A garland of islands cast into the middle of the ocean, hundreds of leagues away from the nearest landfall—it is difficult to believe that anyone had ever managed to reach the shores of the Maldives by boat. First settled by fishermen from the coasts of present-day Indian and Sri Lanka, the atolls were ruled for centuries by successions of chieftain-queens and Buddhist kings before becoming a sultanate and, later, a British protectorate.
In ancient times, the islands were known for their cowry shells, coconuts, and fish. Large shipments of Maldivian cowries made their way to China and Africa, where they were used as currency. Today, the economy is driven by a combination of tourism, fishing, and shipping.
With an area of just under six square kilometers, Malé is one of the world’s most densely populated cities. From a distance, the coral capital gives the illusion of having been built on nothing but water.
The Maldives came under British protection from 1887 to 1965, during which time the Mulee’aage Palace was built. The building, modeled after the colonial-era bungalows of British Ceylon, was originally commissioned by the sultan and intended for his son, the prince.
During the 1920s and early half of the 1930s, the palace was known throughout Malé for its celebrations and festivities. The decades that followed, however, were marred by upheavals and turmoil, and Mulee’aage gradually fell into disuse. In 1968, three years after gaining independence from Britain, a national referendum was held to abolish the sultanate. The Maldives proclaimed itself a republic, and Mulee’aage became the Presidential Palace.
Next to the jetties on Malé’s north shore, the Maldivian national colors fly proudly over Republic Square: a red field to represent the courage and the blood shed by the country’s heroes; a green rectangle for peace and the islands’ abundant greenery; and a white crescent, symbolizing a people united by a common faith.
Islam arrived on the islands by way of Arabic traders sailing from the Middle East and possibly Morocco. In the 12th century, the last Buddhist king of the atolls converted to Islam, and the people followed suit. On locally inhabited islands, mosques are the cornerstones of the community, and prayer sessions are held five times per day. In Malé, the Grand Friday Mosque, together with its intricate minaret, has become a celebrated city landmark.
The Maldives is Asia’s smallest country in land and population. Yet, comprising over a thousand coral islands covering 90,000 square kilometers, it is one of the world’s most geographically dispersed countries.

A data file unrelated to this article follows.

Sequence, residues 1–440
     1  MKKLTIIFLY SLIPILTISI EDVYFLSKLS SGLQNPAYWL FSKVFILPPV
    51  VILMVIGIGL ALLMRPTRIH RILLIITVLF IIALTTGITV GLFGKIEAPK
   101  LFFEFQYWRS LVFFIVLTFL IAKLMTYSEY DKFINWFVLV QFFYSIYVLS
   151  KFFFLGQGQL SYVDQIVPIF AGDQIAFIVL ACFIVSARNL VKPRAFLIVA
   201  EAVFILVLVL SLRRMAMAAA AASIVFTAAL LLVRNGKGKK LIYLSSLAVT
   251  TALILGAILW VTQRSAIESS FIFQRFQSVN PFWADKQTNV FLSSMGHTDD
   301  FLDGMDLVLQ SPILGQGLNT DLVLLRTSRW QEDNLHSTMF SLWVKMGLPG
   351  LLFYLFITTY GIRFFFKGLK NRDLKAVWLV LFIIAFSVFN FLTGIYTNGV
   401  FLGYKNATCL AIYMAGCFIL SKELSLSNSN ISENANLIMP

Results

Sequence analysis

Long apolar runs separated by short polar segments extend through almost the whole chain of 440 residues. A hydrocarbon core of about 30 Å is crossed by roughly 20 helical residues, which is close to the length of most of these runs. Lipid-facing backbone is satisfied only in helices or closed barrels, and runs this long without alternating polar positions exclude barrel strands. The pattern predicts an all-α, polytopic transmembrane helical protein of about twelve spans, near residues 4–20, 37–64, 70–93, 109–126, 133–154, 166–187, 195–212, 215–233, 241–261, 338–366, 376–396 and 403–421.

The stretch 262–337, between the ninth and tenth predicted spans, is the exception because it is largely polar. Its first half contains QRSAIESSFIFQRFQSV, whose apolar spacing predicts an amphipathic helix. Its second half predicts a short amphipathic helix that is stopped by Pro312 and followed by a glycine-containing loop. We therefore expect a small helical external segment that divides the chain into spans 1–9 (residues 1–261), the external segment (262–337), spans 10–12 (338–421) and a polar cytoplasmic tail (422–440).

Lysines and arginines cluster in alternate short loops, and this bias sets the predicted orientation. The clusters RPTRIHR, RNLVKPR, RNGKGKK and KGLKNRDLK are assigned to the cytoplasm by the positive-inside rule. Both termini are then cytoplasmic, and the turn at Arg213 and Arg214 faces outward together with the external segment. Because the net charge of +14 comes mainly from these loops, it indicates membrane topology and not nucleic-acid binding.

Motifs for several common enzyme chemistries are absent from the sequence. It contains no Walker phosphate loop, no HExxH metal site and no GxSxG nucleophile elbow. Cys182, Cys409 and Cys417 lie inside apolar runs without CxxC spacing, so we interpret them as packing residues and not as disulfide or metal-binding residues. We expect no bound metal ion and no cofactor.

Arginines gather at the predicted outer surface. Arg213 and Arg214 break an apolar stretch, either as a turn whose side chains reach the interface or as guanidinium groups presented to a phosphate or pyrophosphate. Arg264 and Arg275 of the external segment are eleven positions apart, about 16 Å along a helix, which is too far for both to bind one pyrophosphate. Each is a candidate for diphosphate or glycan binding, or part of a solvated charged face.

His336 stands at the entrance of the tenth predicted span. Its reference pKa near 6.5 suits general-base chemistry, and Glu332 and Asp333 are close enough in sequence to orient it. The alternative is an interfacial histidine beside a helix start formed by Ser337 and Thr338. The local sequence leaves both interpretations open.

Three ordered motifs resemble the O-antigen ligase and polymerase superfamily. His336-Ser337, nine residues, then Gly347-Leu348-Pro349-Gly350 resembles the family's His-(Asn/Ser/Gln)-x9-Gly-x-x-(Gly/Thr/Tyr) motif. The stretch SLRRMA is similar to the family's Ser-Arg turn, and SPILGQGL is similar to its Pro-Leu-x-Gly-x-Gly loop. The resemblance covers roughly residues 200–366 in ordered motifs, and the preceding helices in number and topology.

A two-hour speedboat ride (or alternatively, a five-hour ferry ride) to the southwest of Malé is the sleepy island of Mahibadhoo.
Measuring less than a single kilometer in length, it only takes twenty-five minutes to stroll the entire circumference of the island. Despite its size, Mahibadhoo is home to 2,000 people. Many of the local young men work on nearby resorts, and the remainder of the residents are employed in fishing, handicrafts, boat building, construction, and carpentry.
Rising water levels put the country—the flattest in the world—on the front line of climate change. While the government is looking into various engineering projects to secure the islanders’ future on the atolls, for now, ashore the beaches of another world, life is lush and calm.
Twenty-five minutes by boat from Mahibadhoo is a deserted island. It has no name, no possibility of ever being found again other than in the recess of a reverie.
Above the waters, the only signs of life were low-growing shrubs of beach cabbage and a single palm tree. But below the transparent surface, all was in full bloom. Coral beds housed bright pinpricks of color and shoals of fish swam to and fro.
As the evening fell and the temperature dipped, we felt the heat radiating off our own bodies—flushed from an afternoon under a blazing, tropic sun. The winds stilled and their billows were soon replaced by high-pitched whines of hungry mosquitoes.
Over our heads, the stars danced across a velvet sky. Beneath us, something remarkable and otherworldly was happening. The sand around our feet began to emit a spectral glow. We ran along the shoreline in the dark of the night and watched as tiny, neon cerulean flecks of bioluminescent plankton followed and lit up our trails. After for what seemed like an hour marveling at their wonders, we retreated to the warmth of a small bonfire to wait out the beginning of a new, unpredictable year.